Financial Statements: The Importance of Being Earnest

Before many hearings at the Probate and Family Court, parties must complete financial statements on pink paper.  There is a form for parties who earn $75,000 or less, and a different form for those who earn more.

The financial statement is crucial to beginning negotiations.  The court needs to know what to divide and what is available for child support.  The opposing party needs to check that your assertions on the financial statement reconcile with their discovery.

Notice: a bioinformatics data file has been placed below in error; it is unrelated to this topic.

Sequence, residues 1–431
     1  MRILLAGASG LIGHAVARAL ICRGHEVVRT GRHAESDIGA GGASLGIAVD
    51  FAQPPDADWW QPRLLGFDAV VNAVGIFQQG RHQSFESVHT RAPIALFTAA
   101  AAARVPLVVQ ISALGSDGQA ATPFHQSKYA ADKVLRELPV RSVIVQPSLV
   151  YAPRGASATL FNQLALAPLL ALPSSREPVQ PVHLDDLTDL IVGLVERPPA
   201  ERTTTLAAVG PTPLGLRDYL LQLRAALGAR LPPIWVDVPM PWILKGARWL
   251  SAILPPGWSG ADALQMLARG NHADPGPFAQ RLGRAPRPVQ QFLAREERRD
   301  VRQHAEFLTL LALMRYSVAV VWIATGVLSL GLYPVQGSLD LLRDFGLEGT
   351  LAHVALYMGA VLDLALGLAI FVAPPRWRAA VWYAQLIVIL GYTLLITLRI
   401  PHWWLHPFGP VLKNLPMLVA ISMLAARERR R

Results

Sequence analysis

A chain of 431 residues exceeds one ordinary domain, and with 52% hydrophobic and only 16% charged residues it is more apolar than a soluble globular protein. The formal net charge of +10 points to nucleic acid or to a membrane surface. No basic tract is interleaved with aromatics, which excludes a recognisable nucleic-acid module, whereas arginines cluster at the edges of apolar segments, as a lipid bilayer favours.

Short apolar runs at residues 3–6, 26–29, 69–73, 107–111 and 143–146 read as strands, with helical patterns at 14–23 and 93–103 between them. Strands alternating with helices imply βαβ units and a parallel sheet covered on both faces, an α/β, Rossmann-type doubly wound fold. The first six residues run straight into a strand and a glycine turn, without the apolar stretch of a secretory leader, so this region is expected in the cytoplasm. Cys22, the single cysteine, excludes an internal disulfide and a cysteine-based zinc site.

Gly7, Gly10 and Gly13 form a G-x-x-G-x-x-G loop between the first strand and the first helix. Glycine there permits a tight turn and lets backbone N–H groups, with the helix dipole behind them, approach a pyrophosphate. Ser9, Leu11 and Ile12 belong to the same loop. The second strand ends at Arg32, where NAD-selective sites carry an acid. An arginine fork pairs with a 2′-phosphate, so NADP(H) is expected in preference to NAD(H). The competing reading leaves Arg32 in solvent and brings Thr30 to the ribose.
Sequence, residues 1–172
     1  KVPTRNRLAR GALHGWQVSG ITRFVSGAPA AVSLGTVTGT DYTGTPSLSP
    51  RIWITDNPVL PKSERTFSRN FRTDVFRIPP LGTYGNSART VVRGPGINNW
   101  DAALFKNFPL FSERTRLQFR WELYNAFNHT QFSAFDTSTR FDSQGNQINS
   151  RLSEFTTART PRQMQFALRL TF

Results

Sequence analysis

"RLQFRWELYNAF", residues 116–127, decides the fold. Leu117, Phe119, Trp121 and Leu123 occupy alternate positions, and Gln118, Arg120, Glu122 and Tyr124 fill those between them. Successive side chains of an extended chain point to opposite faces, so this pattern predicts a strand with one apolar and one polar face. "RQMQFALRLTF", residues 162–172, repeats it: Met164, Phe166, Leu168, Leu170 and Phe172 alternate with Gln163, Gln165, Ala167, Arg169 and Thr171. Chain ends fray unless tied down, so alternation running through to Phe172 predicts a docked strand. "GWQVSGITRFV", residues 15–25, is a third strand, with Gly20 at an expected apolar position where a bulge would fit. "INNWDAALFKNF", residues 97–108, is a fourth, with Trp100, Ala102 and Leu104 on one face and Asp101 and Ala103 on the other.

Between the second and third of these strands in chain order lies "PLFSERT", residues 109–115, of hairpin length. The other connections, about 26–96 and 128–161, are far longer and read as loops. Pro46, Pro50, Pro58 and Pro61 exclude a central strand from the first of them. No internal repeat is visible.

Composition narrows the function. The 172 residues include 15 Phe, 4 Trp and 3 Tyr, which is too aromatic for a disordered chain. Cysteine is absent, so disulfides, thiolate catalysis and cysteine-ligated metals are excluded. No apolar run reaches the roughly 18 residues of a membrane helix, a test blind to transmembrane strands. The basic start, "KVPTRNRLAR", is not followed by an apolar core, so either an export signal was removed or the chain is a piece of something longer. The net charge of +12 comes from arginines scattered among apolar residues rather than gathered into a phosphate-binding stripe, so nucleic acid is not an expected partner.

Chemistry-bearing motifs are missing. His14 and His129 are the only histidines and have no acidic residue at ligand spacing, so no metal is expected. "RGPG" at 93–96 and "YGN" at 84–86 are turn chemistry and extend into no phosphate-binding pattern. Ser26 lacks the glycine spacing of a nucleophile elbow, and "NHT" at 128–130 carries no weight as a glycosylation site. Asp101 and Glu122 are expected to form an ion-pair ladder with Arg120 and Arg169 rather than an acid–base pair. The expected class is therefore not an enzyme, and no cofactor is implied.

Some clients are hesitant to provide their data on the financial statement but there are a number of reasons why it’s important.  First, this document is often the court’s first assessment of your credibility.  If you are caught in a lie on the financial statement, the court will be unlikely to believe you on other issues.  Second, it is easy for the opposing party to use a fraudulent financial statement to impeach you.  They can take a limited deposition on your financials and then quickly corner you based on your conflicting financial statement and deposition.  Third, it saves you time and money to be forthcoming.  If you fail to provide correct financial information upfront, you will spend considerable money fighting over discovery.  Finally, your attorney must sign the financial statement in addition to you.  It is against attorneys’ ethical code, and a risk to their career and reputation, to help a client conceal assets.